Saving our Forests.

20 Jun

023

A bit of good news for Ireland yesterday. It was announced by the Minister for Agriculture, Simon Coveney, that the sale of the harvesting rights of our state owned forests was not to be sold. In the Minister’s own words “now is not the time to proceed with the sale.”

It was also announced that Coillte is to be merged with Bord na Mona. Set up in 1946 for the purpose of peat harvesting… Bord na Mona has now diversified into garden products… waste recovery and renewable energy.  While BNM continues to destroy… actually most of them are destroyed… our bogs… ordinary folks who wish to save enough turf to heat their homes are being prevented from doing so. I digress…what worries me about this proposed merger is the direction that BNM is now taking. With most of the bogs in their ownership almost depleted they are now looking to other ways of making money.

Their recently appointed CEO recently launched the  new direction for the company which is entitled “A New Contract with Nature.”  Well the old contract destroyed the boglands in their care so I wonder what the new one will do.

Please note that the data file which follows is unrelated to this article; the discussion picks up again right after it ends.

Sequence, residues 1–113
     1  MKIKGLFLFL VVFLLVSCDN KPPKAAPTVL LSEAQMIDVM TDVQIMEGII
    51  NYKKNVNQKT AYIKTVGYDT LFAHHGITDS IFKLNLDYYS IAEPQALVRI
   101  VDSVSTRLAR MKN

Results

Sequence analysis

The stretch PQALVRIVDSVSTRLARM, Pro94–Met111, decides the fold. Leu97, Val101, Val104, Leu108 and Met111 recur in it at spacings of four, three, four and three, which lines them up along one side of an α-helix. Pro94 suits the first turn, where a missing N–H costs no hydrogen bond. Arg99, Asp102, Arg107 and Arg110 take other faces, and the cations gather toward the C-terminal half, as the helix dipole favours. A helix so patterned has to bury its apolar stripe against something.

I come from a small village in north Tipperary called Templetuohy. Bord na Mona was always a big employer here. Now that the bogs have been turned into deserts they have turned to renewable energy here. To be prescise..wind turbines. Lots of wind turbines…I don’t know exactly how many. These…as always…were built despite local opposition…at the beginning. Now more and more are going up and people don’t protest any more. “They will go ahead anyway so why waste our energy fighting a losing battle” is what people say.

So back to the forests. They have been saved…for now. Minister Coveney’s word were “not the appropriate time to sell”, does that mean the appropriate time may come. With Coillte merging with Bord na Mona are they seeing the potential for expansion of their renewable energy operations into the forests? A worrying thought indeed. There have been murmurings already of Coillte’s interest in having wind turbines in their forests. Two thousand wind turbines are to be erected in the Bog of Allen…covering 5 counties…this is going to be a huge blight on the landscape of the midlands.